• Tonight A.K. told me, in a goodnight message: “Please don’t forget you are a fantastic and beautiful person”... and my heart exploded

  • A new mantra: “Choose sweetness only”

  • Feeling. Being able to feel. Feeling all of the raw, aching emotions

  • Having a crush and making plans to go get OJ and listen to Taylor Swift

  • Blue skies

  • Analyzing poetry for homework 

  • Something my professor said: “the lack of creative fruition doesn’t really matter — the knowledge of something deeper can be a spark inside of you — a heartbeat”

  • English Breakfast tea runs 

  • Reading a new poet in class today — Jorie Graham — tossing her words around in our hands as if to weigh them for the first time

  • Being thankful for thankfulness itself

That March was far from easy. But when I read these little lists of thankfulness, I am reminded that, despite the odds, goodness shines through. By holding onto those tidbits of positive light, we can be carried away to a new era: one of healing, resilience, and genuine happiness.

girl running through field Sasha Freemind

If you’re not big on writing, or you just don’t know where or even how to begin journaling, this is your invitation to pursue it anyway. Your entries don’t have to be long, eloquent, or sentimental; they can just be yours. There is beauty in documentation. Some people scrapbook, which is also another journaling option! If you’re someone who holds onto movie ticket stubs, Polaroids, or date night receipts, start there. Taping those into the pages of a journal is another way of keeping the memories safe. I do that sometimes. Preserving the physical remainders of a particular moment in time keeps the experience alive for years and years.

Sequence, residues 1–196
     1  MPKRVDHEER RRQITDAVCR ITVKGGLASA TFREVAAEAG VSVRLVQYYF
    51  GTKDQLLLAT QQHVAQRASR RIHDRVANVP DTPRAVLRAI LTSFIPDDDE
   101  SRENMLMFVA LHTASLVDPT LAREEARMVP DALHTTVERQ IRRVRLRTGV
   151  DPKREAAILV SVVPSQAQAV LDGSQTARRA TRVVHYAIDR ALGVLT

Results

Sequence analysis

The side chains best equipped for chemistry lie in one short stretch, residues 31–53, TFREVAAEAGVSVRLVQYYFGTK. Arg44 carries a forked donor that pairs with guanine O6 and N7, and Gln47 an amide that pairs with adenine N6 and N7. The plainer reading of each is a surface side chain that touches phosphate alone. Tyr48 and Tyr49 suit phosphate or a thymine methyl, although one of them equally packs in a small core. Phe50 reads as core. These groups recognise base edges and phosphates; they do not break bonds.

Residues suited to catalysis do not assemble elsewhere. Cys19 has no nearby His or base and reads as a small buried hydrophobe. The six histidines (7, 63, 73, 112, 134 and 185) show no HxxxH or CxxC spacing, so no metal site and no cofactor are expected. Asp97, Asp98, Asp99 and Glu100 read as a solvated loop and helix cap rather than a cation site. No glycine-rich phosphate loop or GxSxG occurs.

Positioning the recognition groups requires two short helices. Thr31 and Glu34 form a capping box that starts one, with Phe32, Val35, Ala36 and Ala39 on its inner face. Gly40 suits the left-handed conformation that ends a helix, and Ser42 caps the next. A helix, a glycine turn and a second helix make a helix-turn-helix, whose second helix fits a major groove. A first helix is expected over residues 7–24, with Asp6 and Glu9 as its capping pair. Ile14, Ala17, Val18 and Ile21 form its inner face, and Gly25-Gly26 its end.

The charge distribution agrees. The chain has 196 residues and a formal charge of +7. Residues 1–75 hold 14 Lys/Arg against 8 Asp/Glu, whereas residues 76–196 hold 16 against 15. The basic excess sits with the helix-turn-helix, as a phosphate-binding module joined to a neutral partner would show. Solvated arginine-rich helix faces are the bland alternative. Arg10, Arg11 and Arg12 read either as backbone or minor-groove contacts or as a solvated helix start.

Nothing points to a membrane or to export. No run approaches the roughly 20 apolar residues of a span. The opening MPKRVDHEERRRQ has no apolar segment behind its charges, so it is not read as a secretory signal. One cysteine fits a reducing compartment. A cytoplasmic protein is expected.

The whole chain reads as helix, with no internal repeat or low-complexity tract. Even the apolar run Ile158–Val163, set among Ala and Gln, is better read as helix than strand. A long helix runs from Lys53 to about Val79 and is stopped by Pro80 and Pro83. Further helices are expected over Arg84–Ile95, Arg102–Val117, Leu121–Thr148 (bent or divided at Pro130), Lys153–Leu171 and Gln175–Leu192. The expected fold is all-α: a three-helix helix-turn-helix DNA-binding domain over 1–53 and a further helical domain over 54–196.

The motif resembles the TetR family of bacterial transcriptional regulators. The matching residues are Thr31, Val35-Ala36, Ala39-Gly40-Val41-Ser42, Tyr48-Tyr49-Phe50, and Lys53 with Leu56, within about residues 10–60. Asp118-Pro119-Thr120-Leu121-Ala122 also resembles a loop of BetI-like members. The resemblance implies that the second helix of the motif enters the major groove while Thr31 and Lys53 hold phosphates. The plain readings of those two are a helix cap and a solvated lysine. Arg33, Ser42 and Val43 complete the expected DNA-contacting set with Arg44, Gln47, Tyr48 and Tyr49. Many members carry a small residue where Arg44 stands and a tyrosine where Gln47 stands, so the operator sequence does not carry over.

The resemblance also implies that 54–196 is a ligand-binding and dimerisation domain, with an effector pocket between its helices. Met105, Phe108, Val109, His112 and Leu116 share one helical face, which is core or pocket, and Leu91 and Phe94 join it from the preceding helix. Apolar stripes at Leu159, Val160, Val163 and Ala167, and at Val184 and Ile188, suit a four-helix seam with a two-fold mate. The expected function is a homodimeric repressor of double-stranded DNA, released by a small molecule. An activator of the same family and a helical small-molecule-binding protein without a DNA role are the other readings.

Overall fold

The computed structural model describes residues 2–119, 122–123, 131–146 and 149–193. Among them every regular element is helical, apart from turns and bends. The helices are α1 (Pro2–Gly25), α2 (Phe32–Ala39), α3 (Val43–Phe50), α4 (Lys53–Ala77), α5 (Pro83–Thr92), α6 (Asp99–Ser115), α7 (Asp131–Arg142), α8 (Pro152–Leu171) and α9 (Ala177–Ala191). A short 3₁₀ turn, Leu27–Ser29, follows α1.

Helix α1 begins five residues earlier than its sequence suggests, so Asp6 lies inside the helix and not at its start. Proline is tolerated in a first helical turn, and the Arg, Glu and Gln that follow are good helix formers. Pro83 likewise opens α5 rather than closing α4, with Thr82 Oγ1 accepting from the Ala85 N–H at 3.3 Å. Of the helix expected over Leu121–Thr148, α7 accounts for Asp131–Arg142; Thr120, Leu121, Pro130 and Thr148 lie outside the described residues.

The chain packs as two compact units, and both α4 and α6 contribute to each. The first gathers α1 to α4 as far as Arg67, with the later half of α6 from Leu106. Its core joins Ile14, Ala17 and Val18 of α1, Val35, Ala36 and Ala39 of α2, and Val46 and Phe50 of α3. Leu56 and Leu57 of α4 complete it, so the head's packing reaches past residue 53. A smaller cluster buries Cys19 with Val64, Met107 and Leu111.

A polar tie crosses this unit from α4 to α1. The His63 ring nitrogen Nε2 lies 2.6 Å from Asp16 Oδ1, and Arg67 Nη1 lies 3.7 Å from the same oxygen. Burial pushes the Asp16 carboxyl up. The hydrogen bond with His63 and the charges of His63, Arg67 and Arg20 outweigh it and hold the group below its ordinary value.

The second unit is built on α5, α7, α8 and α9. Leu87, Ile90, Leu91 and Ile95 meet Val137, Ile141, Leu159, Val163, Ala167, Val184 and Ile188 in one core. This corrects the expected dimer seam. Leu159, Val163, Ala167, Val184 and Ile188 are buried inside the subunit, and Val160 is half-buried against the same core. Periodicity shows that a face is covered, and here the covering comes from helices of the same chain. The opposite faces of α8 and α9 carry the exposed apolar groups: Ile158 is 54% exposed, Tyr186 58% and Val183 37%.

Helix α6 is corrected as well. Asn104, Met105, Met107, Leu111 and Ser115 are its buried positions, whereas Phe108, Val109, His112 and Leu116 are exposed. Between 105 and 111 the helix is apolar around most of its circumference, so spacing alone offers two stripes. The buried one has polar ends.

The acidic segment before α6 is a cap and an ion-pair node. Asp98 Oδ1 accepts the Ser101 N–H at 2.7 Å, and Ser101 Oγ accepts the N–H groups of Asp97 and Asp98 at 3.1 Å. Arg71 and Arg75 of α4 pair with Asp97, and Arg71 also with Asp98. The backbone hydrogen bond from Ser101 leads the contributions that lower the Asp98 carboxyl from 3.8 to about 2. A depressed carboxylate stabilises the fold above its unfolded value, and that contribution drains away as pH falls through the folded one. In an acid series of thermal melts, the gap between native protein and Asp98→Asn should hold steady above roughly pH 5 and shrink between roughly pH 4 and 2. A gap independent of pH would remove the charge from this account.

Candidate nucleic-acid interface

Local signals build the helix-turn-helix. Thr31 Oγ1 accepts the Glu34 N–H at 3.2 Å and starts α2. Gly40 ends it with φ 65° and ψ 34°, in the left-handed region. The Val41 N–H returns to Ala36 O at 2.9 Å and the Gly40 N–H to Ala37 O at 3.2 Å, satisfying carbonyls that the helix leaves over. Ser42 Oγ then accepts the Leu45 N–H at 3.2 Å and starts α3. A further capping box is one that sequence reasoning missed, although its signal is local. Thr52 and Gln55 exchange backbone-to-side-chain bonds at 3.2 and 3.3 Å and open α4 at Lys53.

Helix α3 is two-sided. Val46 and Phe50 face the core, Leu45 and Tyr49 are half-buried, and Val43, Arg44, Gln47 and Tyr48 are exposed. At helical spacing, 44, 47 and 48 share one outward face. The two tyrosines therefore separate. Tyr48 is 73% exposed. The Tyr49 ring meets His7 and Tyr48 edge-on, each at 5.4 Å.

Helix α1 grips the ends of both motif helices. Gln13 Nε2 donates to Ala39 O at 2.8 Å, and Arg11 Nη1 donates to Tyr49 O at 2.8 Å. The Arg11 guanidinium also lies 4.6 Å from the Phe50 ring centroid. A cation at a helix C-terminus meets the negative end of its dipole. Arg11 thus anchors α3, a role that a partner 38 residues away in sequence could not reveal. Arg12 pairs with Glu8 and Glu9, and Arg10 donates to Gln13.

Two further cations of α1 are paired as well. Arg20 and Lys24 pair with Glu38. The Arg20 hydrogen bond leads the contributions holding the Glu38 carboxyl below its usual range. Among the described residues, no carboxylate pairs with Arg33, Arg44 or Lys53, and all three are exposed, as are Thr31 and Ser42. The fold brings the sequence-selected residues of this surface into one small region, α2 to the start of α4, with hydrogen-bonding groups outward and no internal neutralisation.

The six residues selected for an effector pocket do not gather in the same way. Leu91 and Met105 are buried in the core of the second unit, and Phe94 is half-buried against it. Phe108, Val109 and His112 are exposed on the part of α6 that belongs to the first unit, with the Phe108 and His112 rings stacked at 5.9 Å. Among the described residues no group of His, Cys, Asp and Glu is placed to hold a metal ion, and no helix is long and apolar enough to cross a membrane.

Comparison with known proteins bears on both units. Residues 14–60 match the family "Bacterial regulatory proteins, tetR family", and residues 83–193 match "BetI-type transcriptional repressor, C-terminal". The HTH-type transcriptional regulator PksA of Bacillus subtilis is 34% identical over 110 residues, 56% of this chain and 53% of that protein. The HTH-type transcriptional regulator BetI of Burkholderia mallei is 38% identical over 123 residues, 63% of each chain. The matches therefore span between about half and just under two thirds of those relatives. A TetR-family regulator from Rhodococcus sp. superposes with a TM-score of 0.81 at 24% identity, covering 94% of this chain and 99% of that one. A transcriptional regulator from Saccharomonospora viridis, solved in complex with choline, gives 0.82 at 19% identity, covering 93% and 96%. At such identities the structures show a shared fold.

There are countless kinds of journaling options. There are bullet journals, much like the example I provided. Some of my friends find it easier to capture their life in short little bursts: a list of things I did today, a list of things that made me smile, etc. I’ve seen such beautiful and aesthetically pleasing examples of bullet journals online, and I’m always baffled by how people can be so design-oriented and artistic in the visual sense. The ideas for journaling are endless, and you can tailor them to how you see fit. Dream journals, nutrition and exercise journals, travel journals, art journals, prayer journals, idea journals… it’s really up to you to “direct” your own journaling experience!


My advice to beginner journalists: just try it. Even if it doesn’t seem like your niche or something that you’d find much value in, you might surprise yourself. Journals can be tools for much more than just record-keeping. They can help you track your emotions and progress towards a better state of mind, or they can also spark thinking if you’re working on a big project. Great leaders keep journals. Professional thinkers, inventors, idealists, celebrities — all of us can benefit, in some small way, from thinking critically and out loud on paper.

Start anywhere. It doesn’t matter where as long as you do.